But to find out what is really behind your raspy voice you will want to visit an otolaryngologist who will be able to ask you questions about your hoarseness and also perform a physical exam. Sometimes we will use a small, lighted scope that will be able to examine the vocal cords for any issues. If you have been dealing with hoarseness for about 2 to 3 weeks then it’s really important that you seek medical attention, as there could be a serious reason behind your condition.

Treating Your Hoarseness

The treatment plan that you are given will depend on the cause of your symptoms. Some acute infections such as laryngitis will clear up over time on its own, so more conservative at-home measures like using a humidifier can help manage symptoms until the illness goes away.

To prevent further damage or injury to your vocal cords we also recommend resting the voice as much as possible. If you are a smoker we highly advise that you consider quitting.

If allergies or GERD is the reason for your hoarseness they can both be managed with certain medications. Surgery is usually only necessary if there are polyps, cysts, trauma to the vocal cords or the presence of cancer.

If your hoarseness is severe or is concerning you this is more than enough reason to visit an ENT professional who can tell you what’s going on. Don’t be afraid to pick up the phone and call.

By Children's Ear, Nose and Throat Associates
February 06, 2018
Category: ENT Care
Tags: hearing loss   Ears   Hearing   Hearing Problems  

Hearing loss is a serious condition that affects millions of Americans. Don’t be next!

From going to loud concerts to walking by a construction site, there are many instances in which our ears can take some pretty nasty abuse; Protect your hearing everydayhowever, over time these sounds can take a serious toll on our hearing. And if you work in a rather loud environment, it’s vitally important that you take the necessary precautions you need to protect your hearing for the future. Find out how to protect your ears and whether your workplace warrants protection.

Assess Your Workplace’s Noise Levels

Ask yourself these questions to determine whether you work in a loud environment:

  • Do you leave work with ringing in your ears?
  • Do you experience temporary hearing loss after leaving your workplace?
  • Do you have to shout at coworkers who are close by just to be heard?

If you’ve agreed with most or all of these questions, you are most likely working in an environment in which your ears need protection.

Protecting Your Ears on the Job

Here are some ways to protect your precious hearing from a loud workplace:

  • Talk to your ENT doctor about earplugs or muffs that you can wear to protect your hearing. Not all ear protection is created equally, so you’ll want to find ones that are strong and durable enough to provide the ultimate protection.
  • Get annual evaluations from your otolaryngologist to make sure that your hearing isn’t being impacted by your workplace. Through these evaluations we can check the health of your ears and provide you with tips for how to better protect your ears.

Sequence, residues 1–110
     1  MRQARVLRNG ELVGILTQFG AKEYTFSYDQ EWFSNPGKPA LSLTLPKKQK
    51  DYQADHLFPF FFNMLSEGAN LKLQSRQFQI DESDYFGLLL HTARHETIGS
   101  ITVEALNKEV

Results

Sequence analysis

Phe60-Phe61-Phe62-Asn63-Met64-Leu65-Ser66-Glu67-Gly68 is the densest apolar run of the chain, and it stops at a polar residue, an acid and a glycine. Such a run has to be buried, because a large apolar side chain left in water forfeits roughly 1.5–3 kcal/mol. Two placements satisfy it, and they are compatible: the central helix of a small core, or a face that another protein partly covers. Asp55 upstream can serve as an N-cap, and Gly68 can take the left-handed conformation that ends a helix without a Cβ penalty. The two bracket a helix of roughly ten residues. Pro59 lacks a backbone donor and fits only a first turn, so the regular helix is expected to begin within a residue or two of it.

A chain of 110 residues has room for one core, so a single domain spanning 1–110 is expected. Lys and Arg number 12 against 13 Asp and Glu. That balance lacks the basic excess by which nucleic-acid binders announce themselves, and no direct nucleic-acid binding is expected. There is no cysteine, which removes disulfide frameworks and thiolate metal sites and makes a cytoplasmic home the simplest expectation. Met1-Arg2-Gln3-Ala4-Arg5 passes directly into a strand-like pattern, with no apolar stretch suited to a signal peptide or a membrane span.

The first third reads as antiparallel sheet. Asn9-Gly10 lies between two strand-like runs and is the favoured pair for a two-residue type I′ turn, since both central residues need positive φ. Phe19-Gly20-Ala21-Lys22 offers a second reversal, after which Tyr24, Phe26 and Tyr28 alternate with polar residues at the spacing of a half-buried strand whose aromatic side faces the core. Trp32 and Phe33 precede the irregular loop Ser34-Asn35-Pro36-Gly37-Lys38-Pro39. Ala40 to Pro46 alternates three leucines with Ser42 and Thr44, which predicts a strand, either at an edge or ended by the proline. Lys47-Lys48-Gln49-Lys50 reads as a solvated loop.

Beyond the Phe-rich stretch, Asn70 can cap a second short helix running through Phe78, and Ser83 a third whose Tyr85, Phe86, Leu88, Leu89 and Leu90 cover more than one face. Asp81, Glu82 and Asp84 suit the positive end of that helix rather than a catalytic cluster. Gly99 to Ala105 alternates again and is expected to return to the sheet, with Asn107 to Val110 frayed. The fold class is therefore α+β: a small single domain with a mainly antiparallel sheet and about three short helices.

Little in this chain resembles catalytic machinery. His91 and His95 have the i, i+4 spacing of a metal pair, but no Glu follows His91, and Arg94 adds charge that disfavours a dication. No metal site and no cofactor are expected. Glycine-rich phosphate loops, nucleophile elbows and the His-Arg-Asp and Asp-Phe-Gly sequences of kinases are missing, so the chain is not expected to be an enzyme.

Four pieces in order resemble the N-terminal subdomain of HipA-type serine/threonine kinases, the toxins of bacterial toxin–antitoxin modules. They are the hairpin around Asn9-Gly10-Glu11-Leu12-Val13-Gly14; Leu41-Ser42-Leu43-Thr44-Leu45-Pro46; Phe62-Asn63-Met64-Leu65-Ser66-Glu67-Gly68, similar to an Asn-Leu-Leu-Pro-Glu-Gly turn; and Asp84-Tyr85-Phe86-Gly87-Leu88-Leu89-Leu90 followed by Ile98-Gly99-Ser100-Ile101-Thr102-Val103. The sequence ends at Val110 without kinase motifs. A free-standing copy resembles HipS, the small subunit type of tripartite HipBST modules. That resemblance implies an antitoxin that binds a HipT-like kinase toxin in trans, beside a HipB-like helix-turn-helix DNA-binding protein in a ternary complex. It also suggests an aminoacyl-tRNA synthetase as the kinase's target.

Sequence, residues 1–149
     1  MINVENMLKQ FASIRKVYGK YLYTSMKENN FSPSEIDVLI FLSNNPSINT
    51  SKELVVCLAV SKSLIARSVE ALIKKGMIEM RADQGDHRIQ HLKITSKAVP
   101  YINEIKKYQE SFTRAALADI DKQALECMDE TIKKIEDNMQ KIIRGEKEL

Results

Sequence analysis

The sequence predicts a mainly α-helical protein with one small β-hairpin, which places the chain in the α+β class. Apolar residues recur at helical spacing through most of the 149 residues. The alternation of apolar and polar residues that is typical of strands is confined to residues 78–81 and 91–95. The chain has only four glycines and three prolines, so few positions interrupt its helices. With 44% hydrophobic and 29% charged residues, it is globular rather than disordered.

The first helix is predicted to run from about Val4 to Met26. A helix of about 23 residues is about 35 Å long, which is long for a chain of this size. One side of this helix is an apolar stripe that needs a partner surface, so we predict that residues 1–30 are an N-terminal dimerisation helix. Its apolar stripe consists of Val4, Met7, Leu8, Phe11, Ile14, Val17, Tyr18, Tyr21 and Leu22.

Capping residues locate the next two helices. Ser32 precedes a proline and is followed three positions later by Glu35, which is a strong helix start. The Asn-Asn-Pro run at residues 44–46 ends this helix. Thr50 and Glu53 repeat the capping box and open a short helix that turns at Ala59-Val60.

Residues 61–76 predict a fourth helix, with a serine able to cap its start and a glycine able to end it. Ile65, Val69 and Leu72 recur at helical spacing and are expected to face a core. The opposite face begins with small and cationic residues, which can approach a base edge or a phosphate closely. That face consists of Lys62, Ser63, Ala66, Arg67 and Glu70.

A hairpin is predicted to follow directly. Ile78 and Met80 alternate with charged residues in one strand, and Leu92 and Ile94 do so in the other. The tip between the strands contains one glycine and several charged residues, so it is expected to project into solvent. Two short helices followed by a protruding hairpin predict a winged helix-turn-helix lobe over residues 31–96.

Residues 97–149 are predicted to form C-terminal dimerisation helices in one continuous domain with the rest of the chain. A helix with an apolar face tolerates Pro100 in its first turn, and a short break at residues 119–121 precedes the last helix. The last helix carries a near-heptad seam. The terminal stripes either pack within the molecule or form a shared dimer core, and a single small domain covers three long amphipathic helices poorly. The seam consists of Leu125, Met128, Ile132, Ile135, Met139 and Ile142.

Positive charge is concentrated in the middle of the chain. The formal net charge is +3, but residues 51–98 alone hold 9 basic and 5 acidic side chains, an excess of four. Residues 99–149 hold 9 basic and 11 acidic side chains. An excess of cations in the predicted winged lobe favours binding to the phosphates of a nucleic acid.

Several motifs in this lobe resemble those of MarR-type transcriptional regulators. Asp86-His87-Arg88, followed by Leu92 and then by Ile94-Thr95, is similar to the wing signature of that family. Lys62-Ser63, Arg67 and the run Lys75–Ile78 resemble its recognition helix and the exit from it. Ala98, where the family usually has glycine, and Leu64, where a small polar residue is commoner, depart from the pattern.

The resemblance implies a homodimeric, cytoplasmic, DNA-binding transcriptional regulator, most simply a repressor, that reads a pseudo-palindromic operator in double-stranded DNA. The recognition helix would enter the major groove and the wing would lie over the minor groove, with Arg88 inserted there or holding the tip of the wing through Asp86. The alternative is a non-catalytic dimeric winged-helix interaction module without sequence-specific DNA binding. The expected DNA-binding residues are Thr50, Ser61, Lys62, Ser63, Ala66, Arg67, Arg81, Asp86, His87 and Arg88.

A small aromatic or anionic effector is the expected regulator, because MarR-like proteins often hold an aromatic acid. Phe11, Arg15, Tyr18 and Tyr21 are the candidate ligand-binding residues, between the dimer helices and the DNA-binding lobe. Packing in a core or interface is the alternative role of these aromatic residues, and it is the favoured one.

• Try and operate any noisy machinery on shifts where there are fewer people working.
  • Limit an employee’s exposure to certain loud noises and offer noise-free areas that workers can go to get relief.
  • Make sure that machinery and equipment is well oiled and maintained. Make sure there is a sound barrier such as a wall that can be used to separate workers from the machinery whenever possible.
  • Opt for using low-noise machinery.
  • It’s important that if your hearing is being affected that you work with your employer to make sure some of these options are implemented so that you can protect your hearing while on the job.

Hearing is so very important and any ear, nose and throat doctor will agree. If you want to be able to hear crystal clear for many years to come it’s important that you implement specific measures now. Protect your ears and they will serve you well in the future!

By Children's Ear, Nose and Throat Associates
January 19, 2018
Category: ENT Care
Tags: Tonsillitis  

Could your child's sore throat be a symptom of tonsillitis? The pediatric ear, nose and throat doctors at Children's Ear, Nose, Throat & tonsillitisAllergy in Maitland and Orlando, FL, share a few common signs and symptoms of tonsillitis in children.

Throat pain

Your child may complain of throat pain if his or her tonsils are inflamed.

A change in the appearance of tonsils

Inflamed tonsils look red and swollen and may be covered with a yellow or white film or spots. If your child is cooperative, you can view his or her tonsils if you shine a small flashlight at the back of the throat. When you examine your child's tonsils, you may also notice that his or her breath is unusually bad.

Difficulty swallowing or breathing

Swollen tonsils can make swallowing difficult and also interfere with your child's ability to breathe. If you notice that your son or daughter has difficulty swallowing, call our Maitland and Orlando office as soon as possible. Drooling can be a symptom of swallowing troubles in children too young to talk. If your child has trouble breathing or extreme difficulty swallowing, go to the emergency room immediately.

Swollen lymph nodes

Lymph nodes help the body fight infection. If your child has tonsillitis, the lymph nodes in his or her neck may become noticeably swollen and tender.

A new voice

Has your child's voice changed suddenly? Tonsillitis may be the cause of a hoarse, muffled or scratchy voice.


A fever can often accompany tonsillitis. If your child complains that his or her throat hurts and he or she has a fever, tonsillitis may be the cause.

Other symptoms

Some children with tonsillitis may be just as energetic as ever, but many don't feel well when their tonsils are inflamed. Your child may complain of a stomachache, stiff neck or headache and may be uninterested in playing or eating. Babies and toddlers may be fussier than normal and may refuse feedings.

When should I make an appointment with the ENT?

Call us if your child's sore throat doesn't improve after a day or two, he or she has high fever, eating is difficult, or your son or daughter seems particularly lethargic or unwell.

Are you worried that your child may have tonsillitis? Call the pediatric ENTs at Children's Ear, Nose, Throat & Allergy in Maitland and Orlando, FL, at (407) 253-1000 to make an appointment.